How large / old / tall does Plinia edulis, i..e. cambucá, need to be before it is safe
to plant it out into a full-sun situation here in zone 9b?

Mine had slowed down in a 3 gal pot so I moved it up into a 5 gal pot and doing
that seems to have jump-started it into a big flush of new leaves.

It's about two feet tall now and I keep a saucer under its pot as a water reservoir
to allow it to drink freely.  It tends to use up the water in its saucer in one day.

Any advice or suggestions welcomed.

Paul M.

Tropical Fruit Discussion / Re: Slugs
« on: April 17, 2024, 01:53:36 AM »
Anyone else battling slugs this spring in Socal? They've totally infested my container seedlings. They're on a table and the legs have tanglefoot. I've got a few slugs with beer traps. But, I'm losing the battle. They're eating all the new spring young leaves. Any ideas?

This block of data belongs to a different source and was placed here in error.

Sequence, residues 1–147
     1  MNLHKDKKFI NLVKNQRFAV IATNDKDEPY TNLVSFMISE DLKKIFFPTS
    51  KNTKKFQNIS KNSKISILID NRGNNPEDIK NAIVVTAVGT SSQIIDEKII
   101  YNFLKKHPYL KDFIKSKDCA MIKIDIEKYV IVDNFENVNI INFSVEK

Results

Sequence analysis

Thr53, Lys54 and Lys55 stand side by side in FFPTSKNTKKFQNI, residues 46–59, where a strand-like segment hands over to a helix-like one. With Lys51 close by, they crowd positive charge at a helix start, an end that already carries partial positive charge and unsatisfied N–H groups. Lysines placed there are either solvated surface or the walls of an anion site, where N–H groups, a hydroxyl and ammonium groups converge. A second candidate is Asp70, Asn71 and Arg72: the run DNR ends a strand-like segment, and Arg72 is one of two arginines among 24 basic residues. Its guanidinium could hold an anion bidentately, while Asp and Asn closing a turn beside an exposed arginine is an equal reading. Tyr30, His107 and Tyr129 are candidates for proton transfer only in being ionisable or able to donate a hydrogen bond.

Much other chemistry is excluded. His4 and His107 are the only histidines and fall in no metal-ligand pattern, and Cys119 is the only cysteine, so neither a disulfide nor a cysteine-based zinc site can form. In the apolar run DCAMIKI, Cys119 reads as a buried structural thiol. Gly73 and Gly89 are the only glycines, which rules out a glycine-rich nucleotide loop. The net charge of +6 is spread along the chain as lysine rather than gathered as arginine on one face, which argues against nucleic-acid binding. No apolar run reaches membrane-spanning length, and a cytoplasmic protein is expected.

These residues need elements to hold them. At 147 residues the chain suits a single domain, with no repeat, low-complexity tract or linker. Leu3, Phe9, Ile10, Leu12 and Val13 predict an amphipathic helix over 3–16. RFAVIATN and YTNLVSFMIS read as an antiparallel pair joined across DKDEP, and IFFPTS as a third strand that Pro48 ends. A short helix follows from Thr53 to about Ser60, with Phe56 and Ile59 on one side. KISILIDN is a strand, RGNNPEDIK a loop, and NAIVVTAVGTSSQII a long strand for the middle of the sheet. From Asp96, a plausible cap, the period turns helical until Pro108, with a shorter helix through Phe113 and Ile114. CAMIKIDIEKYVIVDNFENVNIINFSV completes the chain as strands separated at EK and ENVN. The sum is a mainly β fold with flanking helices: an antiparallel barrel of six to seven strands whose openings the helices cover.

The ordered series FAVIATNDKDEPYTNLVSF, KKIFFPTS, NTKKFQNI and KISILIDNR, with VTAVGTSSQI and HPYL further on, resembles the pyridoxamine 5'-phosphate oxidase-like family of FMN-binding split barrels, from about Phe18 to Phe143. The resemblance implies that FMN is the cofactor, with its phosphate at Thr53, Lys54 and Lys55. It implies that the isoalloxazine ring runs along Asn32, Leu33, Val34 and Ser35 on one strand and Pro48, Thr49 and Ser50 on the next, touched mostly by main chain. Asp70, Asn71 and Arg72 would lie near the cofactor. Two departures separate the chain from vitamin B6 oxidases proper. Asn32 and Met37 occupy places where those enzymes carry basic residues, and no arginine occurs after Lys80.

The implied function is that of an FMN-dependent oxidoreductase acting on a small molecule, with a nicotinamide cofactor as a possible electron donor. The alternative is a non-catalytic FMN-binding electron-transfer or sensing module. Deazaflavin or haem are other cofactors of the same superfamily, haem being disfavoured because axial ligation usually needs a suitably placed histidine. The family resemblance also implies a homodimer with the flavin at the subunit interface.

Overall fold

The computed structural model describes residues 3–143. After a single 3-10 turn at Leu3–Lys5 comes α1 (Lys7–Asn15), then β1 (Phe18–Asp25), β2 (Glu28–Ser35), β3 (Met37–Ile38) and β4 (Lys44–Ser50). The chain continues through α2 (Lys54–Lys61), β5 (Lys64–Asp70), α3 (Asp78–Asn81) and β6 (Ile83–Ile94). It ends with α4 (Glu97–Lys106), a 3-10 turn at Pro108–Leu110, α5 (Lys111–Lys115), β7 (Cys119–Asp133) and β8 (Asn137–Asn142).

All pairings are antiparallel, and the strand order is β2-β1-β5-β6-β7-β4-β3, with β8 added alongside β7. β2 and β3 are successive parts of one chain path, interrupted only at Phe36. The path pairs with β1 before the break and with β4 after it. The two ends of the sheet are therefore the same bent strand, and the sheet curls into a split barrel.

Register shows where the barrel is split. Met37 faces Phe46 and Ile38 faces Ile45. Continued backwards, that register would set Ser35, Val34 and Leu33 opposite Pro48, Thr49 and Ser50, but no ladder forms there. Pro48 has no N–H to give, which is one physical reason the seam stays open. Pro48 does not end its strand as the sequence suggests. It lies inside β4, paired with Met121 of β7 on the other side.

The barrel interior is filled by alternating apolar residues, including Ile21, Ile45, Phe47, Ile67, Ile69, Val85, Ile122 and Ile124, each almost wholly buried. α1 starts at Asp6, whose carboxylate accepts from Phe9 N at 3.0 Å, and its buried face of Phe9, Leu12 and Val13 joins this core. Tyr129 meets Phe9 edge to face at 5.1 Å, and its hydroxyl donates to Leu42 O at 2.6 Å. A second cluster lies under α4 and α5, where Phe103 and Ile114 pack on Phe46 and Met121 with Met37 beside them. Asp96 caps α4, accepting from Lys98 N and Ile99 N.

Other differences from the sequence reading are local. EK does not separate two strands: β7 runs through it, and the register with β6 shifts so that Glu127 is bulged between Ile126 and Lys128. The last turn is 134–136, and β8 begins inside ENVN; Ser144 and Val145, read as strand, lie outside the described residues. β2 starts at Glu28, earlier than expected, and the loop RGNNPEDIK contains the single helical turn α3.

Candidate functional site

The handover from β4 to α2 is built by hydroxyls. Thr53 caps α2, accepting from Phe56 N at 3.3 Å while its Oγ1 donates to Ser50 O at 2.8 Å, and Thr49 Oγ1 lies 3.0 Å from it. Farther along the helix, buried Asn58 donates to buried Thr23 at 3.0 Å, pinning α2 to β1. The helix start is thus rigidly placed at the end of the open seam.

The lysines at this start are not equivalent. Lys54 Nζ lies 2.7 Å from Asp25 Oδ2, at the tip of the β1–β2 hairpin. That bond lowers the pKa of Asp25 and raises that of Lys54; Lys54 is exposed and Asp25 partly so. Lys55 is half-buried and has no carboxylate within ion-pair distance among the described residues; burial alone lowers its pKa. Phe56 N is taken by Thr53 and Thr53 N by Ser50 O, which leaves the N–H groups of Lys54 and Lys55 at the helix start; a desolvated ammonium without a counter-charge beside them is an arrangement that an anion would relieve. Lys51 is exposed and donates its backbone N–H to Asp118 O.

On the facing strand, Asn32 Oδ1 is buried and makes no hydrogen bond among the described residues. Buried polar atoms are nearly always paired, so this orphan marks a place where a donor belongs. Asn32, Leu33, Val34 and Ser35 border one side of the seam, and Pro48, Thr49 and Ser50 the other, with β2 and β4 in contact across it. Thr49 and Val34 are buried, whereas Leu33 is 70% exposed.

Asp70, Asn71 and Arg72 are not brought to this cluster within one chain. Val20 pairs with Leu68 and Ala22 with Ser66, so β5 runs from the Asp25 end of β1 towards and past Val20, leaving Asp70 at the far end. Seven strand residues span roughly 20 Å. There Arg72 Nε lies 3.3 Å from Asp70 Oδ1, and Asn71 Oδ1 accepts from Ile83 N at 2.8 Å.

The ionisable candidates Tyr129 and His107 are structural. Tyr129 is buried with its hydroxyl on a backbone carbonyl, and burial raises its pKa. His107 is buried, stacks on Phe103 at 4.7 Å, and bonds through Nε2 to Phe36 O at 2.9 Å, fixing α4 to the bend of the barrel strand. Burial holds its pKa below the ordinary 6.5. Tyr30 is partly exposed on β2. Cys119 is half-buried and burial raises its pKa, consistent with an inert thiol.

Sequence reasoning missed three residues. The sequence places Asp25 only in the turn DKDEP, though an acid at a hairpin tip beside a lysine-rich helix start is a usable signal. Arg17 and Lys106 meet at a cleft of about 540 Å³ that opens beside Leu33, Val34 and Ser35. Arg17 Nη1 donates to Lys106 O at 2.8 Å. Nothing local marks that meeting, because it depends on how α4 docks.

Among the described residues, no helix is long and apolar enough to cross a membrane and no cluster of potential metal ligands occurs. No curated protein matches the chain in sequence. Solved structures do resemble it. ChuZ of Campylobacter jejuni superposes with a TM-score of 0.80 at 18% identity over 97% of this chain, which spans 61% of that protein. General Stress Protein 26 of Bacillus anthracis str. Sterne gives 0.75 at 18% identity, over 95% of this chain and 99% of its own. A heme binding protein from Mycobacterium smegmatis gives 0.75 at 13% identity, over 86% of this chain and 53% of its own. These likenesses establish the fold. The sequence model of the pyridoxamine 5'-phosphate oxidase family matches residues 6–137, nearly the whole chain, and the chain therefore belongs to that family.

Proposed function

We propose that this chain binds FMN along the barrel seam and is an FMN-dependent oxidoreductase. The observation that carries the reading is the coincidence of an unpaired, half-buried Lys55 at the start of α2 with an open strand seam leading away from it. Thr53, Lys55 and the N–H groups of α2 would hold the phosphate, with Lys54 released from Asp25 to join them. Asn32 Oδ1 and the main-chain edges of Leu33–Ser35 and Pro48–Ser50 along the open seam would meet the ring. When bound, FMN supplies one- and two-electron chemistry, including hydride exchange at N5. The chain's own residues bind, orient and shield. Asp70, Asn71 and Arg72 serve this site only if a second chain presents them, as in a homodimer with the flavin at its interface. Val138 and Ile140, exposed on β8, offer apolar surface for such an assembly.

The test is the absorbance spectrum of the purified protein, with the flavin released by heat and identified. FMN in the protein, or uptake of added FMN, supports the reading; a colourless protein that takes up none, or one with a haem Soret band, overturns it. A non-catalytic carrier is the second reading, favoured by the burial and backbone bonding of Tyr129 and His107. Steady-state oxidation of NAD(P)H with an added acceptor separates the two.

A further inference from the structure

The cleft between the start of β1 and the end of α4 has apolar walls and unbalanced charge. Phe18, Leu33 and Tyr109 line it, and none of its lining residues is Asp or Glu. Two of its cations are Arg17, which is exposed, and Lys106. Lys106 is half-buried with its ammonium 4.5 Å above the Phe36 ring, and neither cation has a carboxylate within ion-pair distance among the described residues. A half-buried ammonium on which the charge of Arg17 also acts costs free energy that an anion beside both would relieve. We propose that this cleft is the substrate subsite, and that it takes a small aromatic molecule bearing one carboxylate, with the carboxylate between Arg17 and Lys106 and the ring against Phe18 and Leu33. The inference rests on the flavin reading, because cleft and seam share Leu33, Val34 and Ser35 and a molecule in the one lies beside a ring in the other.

Adam, the several suggestions about coffee grounds for slugs (and snails) is a good one.

That is because the residual caffeine in spent coffee grounds is a proven neurotoxin for slugs and snails. They will avoid the coffee grounds at all costs.  Only a .5- to 2% of residual caffeine in used coffee grounds is sufficient to repel slugs and snails.

BTW, if you don't drink coffee you may be able to convince a nearby restaurant of diner to let you have some old coffee grounds.  AND, coffee grounds are non-toxic to birds and mammals!


Paul M.


Dang!  Where's the goose that laid that golden egg??

Paul M.

[snip]  if there are enough interest in these cuttings, I can make them available later this week. For now, I will send out to the people who already order & paid for them.

I should be able to go get more cuttings this week, so if there are more interest then I will do so.

Also, I will change the order quantity from 1 only to 2 max per member if you like to order 2 cuttings.